We are very grateful to Berkley Books for sending us an ARC of this book
Death of a Schoolgirl (The Jane Eyre Chronicles)Joanna Campbell SlanEditor's Synopsis:
07 Aug 2012
In her classic tale, Charlotte Brontë introduced readers to the strong-willed and intelligent Jane Eyre. Picking up where Brontë left off, Jane’s life has settled into a comfortable pattern: She and her beloved Edward Rochester are married and have an infant son. But Jane soon finds herself in the midst of new challenges and threats to those she loves…In this day and age of publishers and writers of so-called 'mummy-porn' retellings of the classics seemingly taken themselves way too seriously for what they are trying to sell, it is refreshing to read a reworking of a classic that while surely serious work on the part of the author does not take itself too seriously.
Jane can’t help but fret when a letter arrives from Adèle Varens—Rochester’s ward, currently at boarding school—warning that the girl’s life is in jeopardy. Although it means leaving her young son and invalid husband, and despite never having been to a city of any size, Jane feels strongly compelled to go to London to ensure Adèle’s safety. But almost from the beginning, Jane’s travels don’t go as planned—she is knocked about and robbed, and no one believes that the plain, unassuming Jane could indeed be the wife of a gentleman; even the school superintendent takes her for an errant new teacher. But most shocking to Jane is the discovery that Adèle’s schoolmate has recently passed away under very suspicious circumstances, yet no one appears overly concerned. Taking advantage of the situation, Jane decides to pose as the missing instructor—and soon uncovers several unsavory secrets, which may very well make her the killer’s next target…
Have you ever pictured Jane Eyre as a sleuth? She sure did well tracking down that Mr Rochester, didn't she? Not two years have passed since that when Joanna Campbell Slan begins the first novel of her Jane Eyre Chronicles series, Death of a Schoolgirl. We find the Rochesters at home at Ferndean, Rochester being treated for his injuries and Jane in her new role as a mother to little Ned, their firstborn. Soon after, though, the home peace is disrupted by alarming news concerning Adèle's well-being at a girls' boarding school in London. Cue Jane and her imaginary magnifying glass, although not as straightforward as that but rather more on the accidental - quite literally too - side of things.
Death of a Schoolgirl is somewhat reminiscent of Laura Joh Rowland's The Secret Adventures of Charlotte Brontë series in that it takes the 'character' (or real person turned character in Charlotte's case), takes it out of context and puts it in the way of new, action-ridden adventures. Much like taking a tame finger puppet destined for play in a quiet shoebox and putting it in a GI Joe's background. It's impossible for the result to be 'true to life' or 'true to the original', but that's obviously beside the point. The point of it being the new scenario and how the character behaves in it.
That is to say that Jane Eyre purists, unless they keep a very open mind, will find 'fault' with a good many things(1) but if they are ready to take the novel at face value, a fun attempt at a Jane Eyre whodunnit, then they will be in for quite a treat. Sure, the novel would work the same if the main characters were called Edward and Jane Smith and their ward Renée but that would lack the fun of seeing beloved charactes behaving quite differently to what we are used to. And they and their entourage are not the only Jane Eyre characters to put in an appearance.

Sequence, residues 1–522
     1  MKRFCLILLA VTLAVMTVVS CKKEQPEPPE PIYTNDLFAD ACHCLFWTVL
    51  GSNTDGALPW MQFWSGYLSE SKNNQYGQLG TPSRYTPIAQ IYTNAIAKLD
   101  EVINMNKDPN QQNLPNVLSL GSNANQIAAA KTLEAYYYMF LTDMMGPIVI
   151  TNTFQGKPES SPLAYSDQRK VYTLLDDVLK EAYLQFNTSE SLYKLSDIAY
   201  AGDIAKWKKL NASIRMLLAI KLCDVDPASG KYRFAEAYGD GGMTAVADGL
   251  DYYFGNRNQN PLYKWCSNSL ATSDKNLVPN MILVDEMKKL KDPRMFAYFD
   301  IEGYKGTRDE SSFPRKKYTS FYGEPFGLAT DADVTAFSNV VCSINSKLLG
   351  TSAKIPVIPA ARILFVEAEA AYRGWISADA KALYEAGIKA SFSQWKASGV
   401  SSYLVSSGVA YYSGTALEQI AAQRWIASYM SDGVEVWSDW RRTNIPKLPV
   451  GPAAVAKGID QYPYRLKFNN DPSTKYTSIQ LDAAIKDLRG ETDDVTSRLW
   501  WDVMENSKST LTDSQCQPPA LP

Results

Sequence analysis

We don't really agree with Hank Phillippi Ryan when he is quoted as saying that it's 'So genuine it seems like a long-lost Brontë original' but we don't think that's the point of the book and there is actually no need for that. Besides, even if as far as we can see, the historical background is well recreated, the display of the research behind and the explanations on things that wouldn't be necessary had this book been written in the 19th-century, are somewhat obvious. At a girls' boarding school of the time no one would bother explaining why or how mourning is carried out - people back then - even very young children (see the young Brontës themselves) - were completely aware of how it worked and would take it for granted.
The novel, published on August 7, makes an excellent holiday read, to be read at leisure if the curiosity to find out who the villain(s) is (are) allows. A light, fun take on a well-loved classic which is clearly well-loved by its author as well. If the characters don't always seem to behave like their originals would - or according to what each reader's originals would - then that is easily overlooked by the profound respect that breathes through the pages.
Notes(1) Three things did, however, jar when reading the book:i) The fact that Mr Rochester now has a lifelong best friend called Augustus Brayton who is - obviously - never mentioned before. Even if we do understand the need for such a character - or his wife - in the novel, it feels like an easy trick to play.ii) The fact that Rochester once writes the following in a letter to Jane:
I awaken in the night and feel such emptiness as I have never known.Right. Because his wife going to friends in London for a few days is so much harder to bear than the time when he didn't know what had become of he or whether she was alive at alliii) And this inane conversation between Jane and someone else:
"I come from a family of scholars. My brother Adonis was a historian who traveled to France to do research. Sadly, he fell in love with a disreputable woman and was killed by one of her jealous lovers. We had hoped to open our own village school. Ministering to poor children was our dream, you see." [... To which Jane replies,]"Words prove inadequate; however, again, I am sorry